Saturday, 10 May 2014

The Boy From Brazil

 The cover of the Eastern Daily Press "Weekend" supplement for May 3rd 2014, promoting the tie-in feature I wrote for them.

It was back in April last year, before I’d even done much work on what was to become Far From the Fogs, that my boss David suggested that for my next documentary project, we should tackle the story of the racing driver Ayrton Senna’s connections to Norfolk, where he spent much of his early career.

With the 20th anniversary of Senna’s death on the 1st of May 1994 approaching, it seemed an obvious and fitting one for us to do. Indeed, credit for the original idea must go to my colleague Edd Smith, who had first pitched the notion of such a programme for the anniversary some time before this. For whatever reason, I ended up being the one asked by David to make it, which has ended up being a fairly extraordinary experience.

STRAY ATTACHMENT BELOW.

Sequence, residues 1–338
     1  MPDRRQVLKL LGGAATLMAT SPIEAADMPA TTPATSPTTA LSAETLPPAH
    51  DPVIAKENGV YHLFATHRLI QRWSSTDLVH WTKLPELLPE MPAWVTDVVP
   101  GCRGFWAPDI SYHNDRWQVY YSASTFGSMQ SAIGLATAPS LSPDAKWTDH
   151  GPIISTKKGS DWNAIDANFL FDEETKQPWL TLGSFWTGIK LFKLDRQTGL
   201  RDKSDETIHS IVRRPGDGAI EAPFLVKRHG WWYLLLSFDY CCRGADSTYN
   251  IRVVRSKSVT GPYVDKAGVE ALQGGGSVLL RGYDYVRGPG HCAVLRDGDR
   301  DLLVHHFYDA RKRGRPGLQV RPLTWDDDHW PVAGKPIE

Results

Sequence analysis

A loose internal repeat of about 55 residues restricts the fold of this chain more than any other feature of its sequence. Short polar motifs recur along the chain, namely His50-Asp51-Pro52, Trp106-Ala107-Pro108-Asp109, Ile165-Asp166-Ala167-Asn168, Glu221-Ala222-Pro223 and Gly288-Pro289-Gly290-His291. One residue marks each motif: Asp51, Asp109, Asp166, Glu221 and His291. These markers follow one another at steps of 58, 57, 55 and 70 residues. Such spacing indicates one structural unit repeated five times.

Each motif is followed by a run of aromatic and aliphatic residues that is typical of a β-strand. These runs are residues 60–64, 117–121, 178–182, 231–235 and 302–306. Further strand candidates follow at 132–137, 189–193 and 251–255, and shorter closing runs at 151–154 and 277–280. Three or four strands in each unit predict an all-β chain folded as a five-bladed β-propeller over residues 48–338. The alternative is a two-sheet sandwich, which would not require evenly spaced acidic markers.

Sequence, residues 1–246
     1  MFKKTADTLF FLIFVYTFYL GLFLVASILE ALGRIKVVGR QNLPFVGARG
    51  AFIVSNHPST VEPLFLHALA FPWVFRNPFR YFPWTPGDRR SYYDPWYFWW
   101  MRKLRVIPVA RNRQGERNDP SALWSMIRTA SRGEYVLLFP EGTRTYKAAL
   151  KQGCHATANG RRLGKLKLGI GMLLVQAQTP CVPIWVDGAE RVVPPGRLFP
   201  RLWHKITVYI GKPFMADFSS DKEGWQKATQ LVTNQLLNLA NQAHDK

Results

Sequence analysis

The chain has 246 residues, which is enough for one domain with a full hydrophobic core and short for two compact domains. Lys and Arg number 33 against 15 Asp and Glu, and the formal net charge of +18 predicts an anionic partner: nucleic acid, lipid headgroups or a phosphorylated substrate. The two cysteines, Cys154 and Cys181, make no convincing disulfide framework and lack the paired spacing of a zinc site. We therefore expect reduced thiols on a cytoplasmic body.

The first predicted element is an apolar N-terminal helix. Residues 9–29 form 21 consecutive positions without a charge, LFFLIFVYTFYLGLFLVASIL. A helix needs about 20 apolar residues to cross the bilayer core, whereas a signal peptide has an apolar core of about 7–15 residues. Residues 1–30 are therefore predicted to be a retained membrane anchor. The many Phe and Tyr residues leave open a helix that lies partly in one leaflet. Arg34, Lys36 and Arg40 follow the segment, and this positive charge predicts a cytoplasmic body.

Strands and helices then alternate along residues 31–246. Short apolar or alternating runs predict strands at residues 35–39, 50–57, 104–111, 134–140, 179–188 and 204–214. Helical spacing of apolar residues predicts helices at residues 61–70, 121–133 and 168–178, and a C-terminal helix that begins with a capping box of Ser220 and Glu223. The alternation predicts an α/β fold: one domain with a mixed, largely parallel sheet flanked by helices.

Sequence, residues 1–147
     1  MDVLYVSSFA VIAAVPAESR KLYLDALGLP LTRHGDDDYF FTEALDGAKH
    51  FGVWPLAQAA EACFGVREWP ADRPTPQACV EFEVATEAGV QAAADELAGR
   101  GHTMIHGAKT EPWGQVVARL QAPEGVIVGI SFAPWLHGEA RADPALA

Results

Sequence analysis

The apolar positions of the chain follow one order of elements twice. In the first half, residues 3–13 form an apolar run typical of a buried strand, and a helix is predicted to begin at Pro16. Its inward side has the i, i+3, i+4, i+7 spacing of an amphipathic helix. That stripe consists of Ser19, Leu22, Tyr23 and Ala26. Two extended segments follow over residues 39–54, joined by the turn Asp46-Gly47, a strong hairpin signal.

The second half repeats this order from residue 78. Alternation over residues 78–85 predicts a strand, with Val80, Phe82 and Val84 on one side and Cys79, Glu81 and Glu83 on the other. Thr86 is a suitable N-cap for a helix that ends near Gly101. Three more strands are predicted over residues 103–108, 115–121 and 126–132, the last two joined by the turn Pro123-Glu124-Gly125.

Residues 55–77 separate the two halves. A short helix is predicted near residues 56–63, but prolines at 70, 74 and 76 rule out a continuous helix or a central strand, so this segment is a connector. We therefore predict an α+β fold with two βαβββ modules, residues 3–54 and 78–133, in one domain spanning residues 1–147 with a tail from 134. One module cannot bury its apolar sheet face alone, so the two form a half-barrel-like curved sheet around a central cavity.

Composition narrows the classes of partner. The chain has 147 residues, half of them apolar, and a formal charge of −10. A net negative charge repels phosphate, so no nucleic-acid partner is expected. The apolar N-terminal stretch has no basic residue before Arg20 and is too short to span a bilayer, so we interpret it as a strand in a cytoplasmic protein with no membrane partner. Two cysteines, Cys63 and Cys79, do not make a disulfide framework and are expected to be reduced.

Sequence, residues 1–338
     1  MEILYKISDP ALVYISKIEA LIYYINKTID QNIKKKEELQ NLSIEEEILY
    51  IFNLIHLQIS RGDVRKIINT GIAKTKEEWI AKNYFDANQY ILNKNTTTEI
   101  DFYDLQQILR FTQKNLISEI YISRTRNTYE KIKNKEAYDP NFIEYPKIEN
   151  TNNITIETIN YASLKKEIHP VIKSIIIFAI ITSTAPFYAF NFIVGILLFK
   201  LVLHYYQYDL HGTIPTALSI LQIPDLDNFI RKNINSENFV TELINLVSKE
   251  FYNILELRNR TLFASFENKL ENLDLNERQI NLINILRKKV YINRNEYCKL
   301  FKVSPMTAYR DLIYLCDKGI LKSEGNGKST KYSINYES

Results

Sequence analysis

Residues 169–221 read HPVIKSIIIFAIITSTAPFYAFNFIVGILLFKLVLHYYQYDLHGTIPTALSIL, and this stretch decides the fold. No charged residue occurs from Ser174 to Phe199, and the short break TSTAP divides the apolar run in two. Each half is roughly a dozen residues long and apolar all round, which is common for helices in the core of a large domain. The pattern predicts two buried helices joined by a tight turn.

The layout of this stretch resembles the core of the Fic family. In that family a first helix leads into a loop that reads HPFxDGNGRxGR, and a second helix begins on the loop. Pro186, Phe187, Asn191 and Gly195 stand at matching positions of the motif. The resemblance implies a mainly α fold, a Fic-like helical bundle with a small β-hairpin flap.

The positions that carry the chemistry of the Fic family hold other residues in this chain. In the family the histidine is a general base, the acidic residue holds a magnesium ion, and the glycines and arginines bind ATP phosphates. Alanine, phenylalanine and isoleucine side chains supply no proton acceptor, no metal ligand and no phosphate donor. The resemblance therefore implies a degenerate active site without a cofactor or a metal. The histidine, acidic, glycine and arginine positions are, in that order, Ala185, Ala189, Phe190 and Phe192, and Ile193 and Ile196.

The first bit of work was done last summer, when David went to interview Martin Brundle about his new book, and took me along with him so that I could also record an interview for the documentary, about his famous battle with Senna for the 1983 British F3 championship. But most of the work has been done since January, recording interviews with those who worked with Senna when he drove for Norfolk-based teams, and tracking down what archive might be available for use.

 Slightly-unsuccessfully posing for a photo with ex-F1 driver Martin Brundle after I'd interviewed him for the documentary... I didn't go through the whole thing with my eyes closed, I promise!

It was an occasionally frustrating experience, when not being able to speak to interviewees who could really have added something, and being unable to use any F1 commentary archive due to rights issues, but the positives far outweighed the negatives. I think I managed to come up with a programme which told a good story in an effective way, and certainly all the feedback I have had on it has been pretty much universally positive.